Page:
Bubba wants to enjoy making meals with me. My getting snippy takes away the fun, so he leaves the kitchen, usually with disapproval.  His leaving means we’re not doing it together, plus we’re both upset. It all feels crappy.

Continue reading “Part 2: Finding a Different Way”

Part 1: A Wretched Mess

147_Part1_Wretched Mess

Do you ever respond to something—or someone—in a way you wish you didn’t? Yet you respond that same way repeatedly, butting heads in a familiar dance pattern?

When Bubba and I started living together, one place we ran into relationship speed bumps was the kitchen, usually when I was preparing food. I rarely work off a recipe, so my style is free-form. I don’t actually know if what I’m making will work, but based on having watched mom cook—and enough personal success of my own—I’ve been content with my approach.

Then Bubba moved in. He’s comfortable in the kitchen. Sometimes he cooks; sometimes I do. When I’m cooking, he often offers to help. But instead of welcoming his offers, I’ve often resisted them; gotten defensive.

Continue reading “Part 1: A Wretched Mess”

Relationship Tip: Don’t Be an Ass

f_ZenCommand-Marriage-edit

The Golden Rule is short and to the point: Treat others as you want them to treat you.  It’s pretty simple, yet we often complicate it.

In his book The Zen Commandments, Dean Sluyter says “our personal relationships can be simpler than we usually make them.” He summarizes the principles he thinks make relationships work.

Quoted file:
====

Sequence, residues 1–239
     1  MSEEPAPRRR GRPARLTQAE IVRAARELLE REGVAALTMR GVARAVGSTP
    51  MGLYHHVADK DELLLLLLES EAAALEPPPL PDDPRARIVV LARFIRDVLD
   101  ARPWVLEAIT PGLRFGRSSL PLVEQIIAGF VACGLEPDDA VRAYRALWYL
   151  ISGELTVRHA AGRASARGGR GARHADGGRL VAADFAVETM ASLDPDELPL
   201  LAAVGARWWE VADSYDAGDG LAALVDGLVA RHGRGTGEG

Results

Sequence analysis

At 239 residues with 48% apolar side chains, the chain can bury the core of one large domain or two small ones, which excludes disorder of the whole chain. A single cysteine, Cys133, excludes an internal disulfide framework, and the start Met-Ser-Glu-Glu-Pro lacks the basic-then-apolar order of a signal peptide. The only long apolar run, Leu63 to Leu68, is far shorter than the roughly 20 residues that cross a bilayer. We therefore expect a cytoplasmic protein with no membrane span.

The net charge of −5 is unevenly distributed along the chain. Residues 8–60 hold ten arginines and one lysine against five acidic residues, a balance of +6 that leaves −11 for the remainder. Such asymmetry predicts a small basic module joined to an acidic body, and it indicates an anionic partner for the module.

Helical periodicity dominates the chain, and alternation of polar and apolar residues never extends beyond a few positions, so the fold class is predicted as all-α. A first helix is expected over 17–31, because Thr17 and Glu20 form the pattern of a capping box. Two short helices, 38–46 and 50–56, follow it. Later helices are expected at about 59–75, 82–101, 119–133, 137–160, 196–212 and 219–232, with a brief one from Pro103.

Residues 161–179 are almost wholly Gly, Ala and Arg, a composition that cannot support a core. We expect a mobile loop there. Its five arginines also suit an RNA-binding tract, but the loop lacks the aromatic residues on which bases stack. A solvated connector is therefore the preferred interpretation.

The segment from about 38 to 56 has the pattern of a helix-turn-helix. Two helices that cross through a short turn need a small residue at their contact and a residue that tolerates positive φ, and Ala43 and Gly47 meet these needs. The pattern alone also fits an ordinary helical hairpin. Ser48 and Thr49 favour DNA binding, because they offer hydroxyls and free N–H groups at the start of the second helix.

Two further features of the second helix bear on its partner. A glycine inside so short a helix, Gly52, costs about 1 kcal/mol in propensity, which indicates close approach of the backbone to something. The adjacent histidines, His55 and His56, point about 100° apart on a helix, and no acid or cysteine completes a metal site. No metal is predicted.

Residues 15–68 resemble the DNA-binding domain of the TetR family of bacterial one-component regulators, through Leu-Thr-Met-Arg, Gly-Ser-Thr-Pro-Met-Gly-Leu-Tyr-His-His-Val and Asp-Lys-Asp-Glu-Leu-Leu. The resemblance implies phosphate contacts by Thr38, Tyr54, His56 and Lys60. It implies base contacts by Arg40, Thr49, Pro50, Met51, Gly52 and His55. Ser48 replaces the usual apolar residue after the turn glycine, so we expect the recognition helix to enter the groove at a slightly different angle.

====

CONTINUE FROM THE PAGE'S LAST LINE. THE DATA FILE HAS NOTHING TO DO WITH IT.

“Whether in a romance or a marriage or a family, the principles are the same: you take care of one another, you be as kind as you can, you do your share of finding new sources of fun, you quietly pass up opportunities to score points or be a wise guy, you give the benefit of the doubt, and you try to make things less insane rather than more.  If you think the other person is off the program you address the situation gently and with respect. But since the problem is often your own perception, you can save everyone a lot of grief by waiting a little while first to see if your perception changes.”

The Zen Commandments: Ten Suggestions for a Life of Inner Freedom, Dean Sluyter, from Lesson #5: Keep it Simple

Here’s my summary of his Principles

  1. Take care of each other
  2. Be kind
  3. Do your share
  4. Avoid being an ass
  5. Assume the best (not the worst)
  6. Make things better (rather than worse)
  7. Before jumping to a conclusion, wait
  8. If, after waiting, there’s still an issue, address it

Sluyter’s advice resonates for me, both the words and the simplicity of it. If both people in a relationship apply it, a lot of perceived relationship problems disappear.  Did the thing go away or did our thoughts about it change?

I know thoughts in my mind impact my perception of things, and that can affect how I experience stuff. I’ve received new information in situations and been shocked at how quickly my perception has pivoted.

I want to keep #7 in mind. Life promises change; guarantees it. I’ve been amazed at how something that had a hold of me can lose its power simply with the passage of time.

What relationship principles guide you in life?

 

Photo source: RJA1988 on Pixabay


 

Whiny Words

35_Song_4-15-18A song came on Pandora, a recent country hit. Two verses played before she stomped across the room and hit the “thumbs down” button.  Her ex-boyfriend had previously “liked” it.

“Stupid song,” she whined to her roommate. “Too damn bad we can’t “unlike” some of our stupid, whiny friends this way.”

Her roommate looked away and silently agreed.

Daily Post-Inspired: Song